The Little Review (littlereview) wrote,
The Little Review

Poem for Sunday

By Ruth Stone

When you come back to me
it will be crow time
and flycatcher time,
with rising spirals of gnats
between the apple trees.
Every weed will be quadrupled,
coarse, welcoming
and spine-tipped.
The crows, their black flapping
bodies, their long calling
toward the mountain;
relatives, like mine,
ambivalent, eye-hooded;
hooting and tearing.
And you will take me in
to your fractal meaningless
babble; the quick of my mouth,
the madness of my tongue.


From Poet's Choice by Edward Hirsch in today's Washington Post Book World, on the connection between poetry and birdsong, which quotes several eminent poets on writers being like singing birds and cuckoos, plus the idea of birds as the embodiment of a transcendence. "It may be that a remnant of magical practice clings to a poet like Stone when she speaks of 'crow time' and 'flycatcher time,' or when she mimics and even embodies 'the fractal meaningless babble' of crow song," notes Hirsch. "There is something irrational in poetry, which still trembles with a holy air."

This poem hit entirely different buttons for me though: you know the comfort when you're talking to someone who really, really knows you, and you can just say anything and you know it won't matter because that person loves you and whatever comes out of your mouth will be forgivable? That's what it makes me think of, not birds.

Last night a story made me write it. It's very tangentially Harry Potter and more than one part Mary Sue, though not at all in a romantic or saving the universe sense. (I am desperate for a new beta reader by the way -- not for this, I doubt this is meant to be displayed in public, but in case Faramir makes me write this story he's nudging me with or in case betareject's advice on T&C takes root.) Anyway, I wrote this story down yesterday, then I wondered how many other such stories tried to make me write them in the past year but I blew off in favor of writing other things.

I've been realizing that I greatly favor writing with someone over writing alone when it comes to fan fiction, and wondering why that is. I'd been thinking that it's because the friendships matter to me more than fic itself, which they do, but I've also had to really rethink what constitutes "friendship" online, where it seems so much more common to go from telling someone everything to not speaking to them within the space of 24 hours than ever happens in real life outside of ugly romantic breakups. I know a lot of people have written about the confusion that RP can cause -- you're not sure whether you love the person you're writing with or whether your Duncan loves her Methos or whatever. Is that true of writing collaboration in general, the level of intimacy required to write with someone being so great that it's very difficult not to overlap one's own emotions with those of characters, and it being equally difficult to separate out criticism of the story and criticism of the storyteller?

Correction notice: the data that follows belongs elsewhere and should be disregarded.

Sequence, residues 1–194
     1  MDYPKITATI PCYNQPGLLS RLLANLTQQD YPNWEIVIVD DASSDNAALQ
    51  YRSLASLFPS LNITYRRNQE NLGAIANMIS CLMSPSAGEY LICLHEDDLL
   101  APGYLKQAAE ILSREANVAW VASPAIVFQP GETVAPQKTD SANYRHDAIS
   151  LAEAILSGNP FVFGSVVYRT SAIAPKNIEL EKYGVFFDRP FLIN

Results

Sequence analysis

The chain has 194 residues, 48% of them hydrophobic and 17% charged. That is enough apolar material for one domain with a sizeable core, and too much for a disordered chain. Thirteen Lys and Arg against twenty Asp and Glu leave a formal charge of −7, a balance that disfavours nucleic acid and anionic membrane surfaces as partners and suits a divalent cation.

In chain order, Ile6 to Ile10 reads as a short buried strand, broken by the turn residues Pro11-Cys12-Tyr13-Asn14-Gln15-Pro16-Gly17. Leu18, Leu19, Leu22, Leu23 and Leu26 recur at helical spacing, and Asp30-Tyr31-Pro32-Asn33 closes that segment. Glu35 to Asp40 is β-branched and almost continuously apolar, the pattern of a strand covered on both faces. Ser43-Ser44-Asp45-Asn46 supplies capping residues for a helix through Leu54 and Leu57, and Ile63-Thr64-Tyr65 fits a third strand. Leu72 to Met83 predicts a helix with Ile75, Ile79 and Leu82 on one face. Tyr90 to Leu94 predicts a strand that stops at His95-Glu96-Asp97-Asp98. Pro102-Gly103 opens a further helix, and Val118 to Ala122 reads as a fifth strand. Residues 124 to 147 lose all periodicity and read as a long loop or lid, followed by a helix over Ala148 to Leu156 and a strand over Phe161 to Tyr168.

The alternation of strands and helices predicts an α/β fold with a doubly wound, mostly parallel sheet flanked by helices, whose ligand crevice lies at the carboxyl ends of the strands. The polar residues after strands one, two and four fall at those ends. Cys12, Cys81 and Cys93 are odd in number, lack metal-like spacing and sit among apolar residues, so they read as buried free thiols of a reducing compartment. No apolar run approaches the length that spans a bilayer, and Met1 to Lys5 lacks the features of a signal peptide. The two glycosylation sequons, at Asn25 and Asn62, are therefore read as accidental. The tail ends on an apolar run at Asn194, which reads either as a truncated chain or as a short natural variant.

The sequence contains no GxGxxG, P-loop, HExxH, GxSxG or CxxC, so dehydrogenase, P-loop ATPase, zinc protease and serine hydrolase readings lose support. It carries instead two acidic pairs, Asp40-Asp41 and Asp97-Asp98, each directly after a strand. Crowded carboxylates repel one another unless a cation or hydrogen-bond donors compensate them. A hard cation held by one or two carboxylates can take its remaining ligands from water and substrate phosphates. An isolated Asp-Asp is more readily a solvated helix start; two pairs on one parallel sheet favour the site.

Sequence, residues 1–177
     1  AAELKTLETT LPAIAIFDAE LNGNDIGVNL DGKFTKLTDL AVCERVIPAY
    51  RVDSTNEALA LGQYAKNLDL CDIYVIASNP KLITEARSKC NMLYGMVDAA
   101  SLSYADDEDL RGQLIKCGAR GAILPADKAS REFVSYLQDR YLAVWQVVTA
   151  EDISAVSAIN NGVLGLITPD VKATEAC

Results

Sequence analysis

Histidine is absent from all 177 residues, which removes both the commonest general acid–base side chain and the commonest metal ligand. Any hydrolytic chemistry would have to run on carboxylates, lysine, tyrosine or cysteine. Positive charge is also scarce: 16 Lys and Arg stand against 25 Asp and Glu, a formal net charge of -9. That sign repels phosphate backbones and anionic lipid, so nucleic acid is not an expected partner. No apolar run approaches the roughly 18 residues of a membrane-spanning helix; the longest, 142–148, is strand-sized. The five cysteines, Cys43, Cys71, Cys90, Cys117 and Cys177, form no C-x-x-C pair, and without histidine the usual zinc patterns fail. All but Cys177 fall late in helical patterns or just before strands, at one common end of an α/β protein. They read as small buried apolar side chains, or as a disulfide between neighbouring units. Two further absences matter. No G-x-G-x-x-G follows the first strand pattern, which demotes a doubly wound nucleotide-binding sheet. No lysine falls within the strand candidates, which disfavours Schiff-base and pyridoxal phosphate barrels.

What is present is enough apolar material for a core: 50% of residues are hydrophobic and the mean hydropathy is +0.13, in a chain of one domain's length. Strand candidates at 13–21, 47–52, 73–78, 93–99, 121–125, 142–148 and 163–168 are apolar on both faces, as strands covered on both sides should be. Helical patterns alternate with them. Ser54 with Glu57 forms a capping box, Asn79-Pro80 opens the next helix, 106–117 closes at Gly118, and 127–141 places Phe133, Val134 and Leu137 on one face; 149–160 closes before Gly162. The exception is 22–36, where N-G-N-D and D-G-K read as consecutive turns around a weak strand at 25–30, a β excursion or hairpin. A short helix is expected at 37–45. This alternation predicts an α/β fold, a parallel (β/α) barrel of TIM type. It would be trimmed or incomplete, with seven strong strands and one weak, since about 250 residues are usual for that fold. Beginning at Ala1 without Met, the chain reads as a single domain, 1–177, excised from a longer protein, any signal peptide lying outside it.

Yesterday was quiet: we did chores, bought presents for the parties the kids have today, got Shrek 2 and took it home and watched it after the younger son out to dinner because the older son had a sleepover. Today is going to be quiet too, I think, with Hebrew school and soccer this morning, taking kids to the birthday parties and for haircuts this afternoon, and finishing the chores I started yesterday. But I have an enormous taping dilemma tonight: Sean Bean in Henry VIII, the History Channel's special on Alexander the Great, Jennifer Connelly on Inside the Actor's Studio and CBS's Dallas reunion (shut up, it was five years of Friday nights babysitting in junior high and high school and I still adore Linda Gray) are all on at the SAME TIME. What do I do?!

Demon cat eyes watching gerbils in a dark kitchen.

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